Andrew H. Walker, Getty Images Nine days after the deadly tornado that touched…
- Posted on Jul 9th 2010 12:45PM by Charley Rogulewski
For the supermodel-turned-musician, finding the true Karen Elson has been a work in progress. Her debut album 'The Ghost Who Walks,' a nod to the nickname given to her as a pale, long-legged seven-year-old growing up in a working class Northern English town, is one more step in the right direction.
Take, for example, the standout track 'Stolen Roses' that she performed during her Interface taping. "There once was a time when I was a girl/That darkness hung in my sky/I was old before I learned to be young/Stone cold 'til I learned how to cry," Elson sings on the track.
"The older I get, truthfully, the younger I feel," Elson said. "I can't wait to be 50 years old. I think I'll be the jolliest 50-year-old. But there's something that growing older has given me. I feel more comfortable in my skin. I left home when I was 16 and I'm 31 now -- it's taken me 15 years to come out of my shell and slowly feel like myself."
Elson's professional career began when she was cherry-picked as a teenager for a modeling career while walking down the street in Manchester, the closest urban outlet to her native Oldham. And while Elson, whose first concert was seeing Australian pop sensation Kylie Minogue at age five, had childish aspirations of entertaining on stage, the impassable opportunity to leave her humble upbringing for something bigger meant hitting the catwalk.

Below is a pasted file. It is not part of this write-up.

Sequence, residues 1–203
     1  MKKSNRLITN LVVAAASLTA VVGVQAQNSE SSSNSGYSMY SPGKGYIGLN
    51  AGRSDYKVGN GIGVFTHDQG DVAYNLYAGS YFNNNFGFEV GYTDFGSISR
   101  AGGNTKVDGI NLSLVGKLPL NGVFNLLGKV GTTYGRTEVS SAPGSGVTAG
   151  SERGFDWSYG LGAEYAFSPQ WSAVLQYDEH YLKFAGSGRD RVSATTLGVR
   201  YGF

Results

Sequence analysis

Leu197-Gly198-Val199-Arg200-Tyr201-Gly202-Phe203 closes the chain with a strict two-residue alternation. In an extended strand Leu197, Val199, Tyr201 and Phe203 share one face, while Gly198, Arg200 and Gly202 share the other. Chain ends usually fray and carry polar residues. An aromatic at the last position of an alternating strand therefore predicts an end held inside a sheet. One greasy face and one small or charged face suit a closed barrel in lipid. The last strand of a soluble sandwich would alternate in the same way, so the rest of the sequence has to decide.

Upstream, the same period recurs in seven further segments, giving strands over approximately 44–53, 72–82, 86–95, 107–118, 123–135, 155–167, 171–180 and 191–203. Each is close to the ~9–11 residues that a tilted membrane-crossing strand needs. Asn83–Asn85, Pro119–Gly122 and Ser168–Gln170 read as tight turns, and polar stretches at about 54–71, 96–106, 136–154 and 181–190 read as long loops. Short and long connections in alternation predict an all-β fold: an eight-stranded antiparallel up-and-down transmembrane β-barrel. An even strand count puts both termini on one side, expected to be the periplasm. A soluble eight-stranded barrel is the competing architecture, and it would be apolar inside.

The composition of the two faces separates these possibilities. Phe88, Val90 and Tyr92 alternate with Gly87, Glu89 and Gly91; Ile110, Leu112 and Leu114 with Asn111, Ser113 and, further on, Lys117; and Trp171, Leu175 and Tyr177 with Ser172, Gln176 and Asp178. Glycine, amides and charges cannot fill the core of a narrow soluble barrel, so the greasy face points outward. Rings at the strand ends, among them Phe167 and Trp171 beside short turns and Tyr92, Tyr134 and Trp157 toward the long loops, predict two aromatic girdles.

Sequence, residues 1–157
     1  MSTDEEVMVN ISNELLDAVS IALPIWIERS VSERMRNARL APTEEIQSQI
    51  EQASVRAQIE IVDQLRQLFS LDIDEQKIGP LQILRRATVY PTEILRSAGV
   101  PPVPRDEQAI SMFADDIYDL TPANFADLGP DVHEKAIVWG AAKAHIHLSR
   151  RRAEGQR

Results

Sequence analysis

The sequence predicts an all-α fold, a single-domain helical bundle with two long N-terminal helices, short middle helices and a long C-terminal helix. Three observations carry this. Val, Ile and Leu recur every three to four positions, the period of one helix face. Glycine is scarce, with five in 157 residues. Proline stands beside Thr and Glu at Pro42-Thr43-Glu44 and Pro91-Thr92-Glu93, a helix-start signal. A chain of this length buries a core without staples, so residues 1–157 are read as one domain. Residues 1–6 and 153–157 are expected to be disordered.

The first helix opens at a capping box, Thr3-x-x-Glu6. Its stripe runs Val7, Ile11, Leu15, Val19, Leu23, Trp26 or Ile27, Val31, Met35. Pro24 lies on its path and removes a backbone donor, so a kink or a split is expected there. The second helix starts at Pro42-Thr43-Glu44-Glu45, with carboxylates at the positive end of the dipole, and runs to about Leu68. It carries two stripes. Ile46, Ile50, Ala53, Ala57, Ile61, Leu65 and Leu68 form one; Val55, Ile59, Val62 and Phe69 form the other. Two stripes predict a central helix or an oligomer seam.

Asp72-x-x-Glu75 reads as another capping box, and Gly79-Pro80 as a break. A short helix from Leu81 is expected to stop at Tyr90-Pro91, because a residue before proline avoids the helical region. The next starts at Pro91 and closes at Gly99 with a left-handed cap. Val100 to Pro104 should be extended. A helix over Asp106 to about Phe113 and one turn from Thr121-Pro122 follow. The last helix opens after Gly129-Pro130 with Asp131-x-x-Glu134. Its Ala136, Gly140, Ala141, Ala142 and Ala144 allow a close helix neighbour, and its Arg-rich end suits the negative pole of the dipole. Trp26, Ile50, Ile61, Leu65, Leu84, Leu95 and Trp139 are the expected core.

"I left home pretty much six months after that," she said, "and it was the best thing that ever happened. I didn't expect to become successful at all, but when I did I had to ride that wave. I had to make a name for myself, so to speak. And it really did lead me to New York and led me to meet some incredibly creative people."
Among those people are former Hole and Smashing Pumpkins bassist Melissa Auf Der Maur and singer-songwriter Rachelle Garniez, who penned the track 'Lunasa' for Elson and helped encourage her to sing and play guitar.
"I'd go into studios and sing backing vocals -- that's how the thing with Robert Plant happened," she said of her contribution the Led Zeppelin singer's solo album, 'Dreamland.' "A friend needed a girl to sing backing vocals and they asked me to do it. These friends of mine really encouraged me."
Even with that opportunity, Elson calls joining New York City cabaret the Citizens Band the "biggest stepping stone" in her journey to becoming a devout musician. "It also made me a better performer and made me take my songs out of an introverted place and put them out on a stage," she said.
More encouragement followed from husband Jack White, who not only produced but released Elson's debut on his Third Man Records label. "You'd think Jack would've given me a million and one guitar lessons, but to be honest, he hasn't," Elson said of recording with her husband. "He's letting me find my own voice, be it musically and lyrically -- that is what I have to learn how to do myself. But what he did help me, massively, is me gaining confidence in myself, because I was very introverted with my songs. For a lot of reasons, I just didn't feel ready to share them with anybody."
Elson still distanced herself from the words "she" and "her" in the album's lyrics, creating a concept album of sorts. "I wanted to write a dark story about the ghost who walks, but really what it is is about heartbreak and feeling detached and feeling like an outsider. That's what I was back then, as a young girl. I was always on the outside, and that's really what 'The Ghost Who Walks' is about, minus the bloodshed. Other than writing a diary entry, I'd rather write a story which explains what I'm feeling because I don't feel comfortable laying myself so bare." One way or another, it's a step towards finding Elson's true calling.